Since Oppenheim1 has described and outlined the clinical picture of this disease, a number of subsequent observations by this author and others have broadened the clinical aspect, adding new features to those first described.
Some observations were made, in which not only the muscles of the extremities were involved but also those of the neck and back; and in a series of cases the flaccid pseudoparalysis involved not only the musculature of neck in addition to the more commonly affected extremities, but also that of the whole trunk simultaneously, so that with the exception of the diaphragm all muscles supplied by the spinal nerves appeared paralytic.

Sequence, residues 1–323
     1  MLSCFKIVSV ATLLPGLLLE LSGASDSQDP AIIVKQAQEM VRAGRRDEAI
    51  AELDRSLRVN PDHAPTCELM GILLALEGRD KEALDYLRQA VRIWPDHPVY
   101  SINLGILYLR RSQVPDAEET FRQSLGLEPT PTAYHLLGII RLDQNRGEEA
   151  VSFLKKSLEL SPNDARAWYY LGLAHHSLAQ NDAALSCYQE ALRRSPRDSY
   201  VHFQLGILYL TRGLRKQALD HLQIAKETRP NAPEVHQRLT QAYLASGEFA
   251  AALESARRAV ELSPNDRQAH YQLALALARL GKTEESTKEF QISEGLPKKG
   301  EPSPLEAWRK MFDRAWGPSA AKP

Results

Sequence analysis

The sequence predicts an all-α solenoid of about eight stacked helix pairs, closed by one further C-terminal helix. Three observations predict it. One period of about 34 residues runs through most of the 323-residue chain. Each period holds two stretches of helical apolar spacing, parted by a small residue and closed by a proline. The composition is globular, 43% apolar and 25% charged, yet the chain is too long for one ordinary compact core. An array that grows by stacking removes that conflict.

The assertion that the muscles supplied by the cranial nerves remain intact in this disease had to be modified as the result of additional observations. A certain degree of participation of the cranial nerves especially of the facialis is in a few histories
STRAUCH A. MYATONIA CONGENITA OF OPPENHEIM. Am J Dis Child. 1914;VIII(4):298-306. doi:10.1001/archpedi.1914.04300010306006